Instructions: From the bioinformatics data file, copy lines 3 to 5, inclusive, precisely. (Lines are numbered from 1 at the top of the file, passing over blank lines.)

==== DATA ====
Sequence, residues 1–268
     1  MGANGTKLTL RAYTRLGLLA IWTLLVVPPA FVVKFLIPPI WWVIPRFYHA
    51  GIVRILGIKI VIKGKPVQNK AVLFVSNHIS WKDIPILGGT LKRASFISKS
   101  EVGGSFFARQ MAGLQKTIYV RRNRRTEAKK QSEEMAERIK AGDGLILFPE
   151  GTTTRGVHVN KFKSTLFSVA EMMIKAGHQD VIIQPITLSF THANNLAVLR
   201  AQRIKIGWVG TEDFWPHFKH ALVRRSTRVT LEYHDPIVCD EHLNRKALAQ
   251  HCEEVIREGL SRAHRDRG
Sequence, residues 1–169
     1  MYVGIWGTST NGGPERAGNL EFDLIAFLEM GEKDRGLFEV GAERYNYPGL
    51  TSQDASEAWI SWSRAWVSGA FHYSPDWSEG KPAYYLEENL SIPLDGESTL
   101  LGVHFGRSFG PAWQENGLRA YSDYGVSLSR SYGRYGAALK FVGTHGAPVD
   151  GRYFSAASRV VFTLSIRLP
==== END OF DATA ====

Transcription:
    51  GIVRILGIKI VIKGKPVQNK AVLFVSNHIS WKDIPILGGT LKRASFISKS
   101  EVGGSFFARQ MAGLQKTIYV RRNRRTEAKK QSEEMAERIK AGDGLILFPE
   151  GTTTRGVHVN KFKSTLFSVA EMMIKAGHQD VIIQPITLSF THANNLAVLR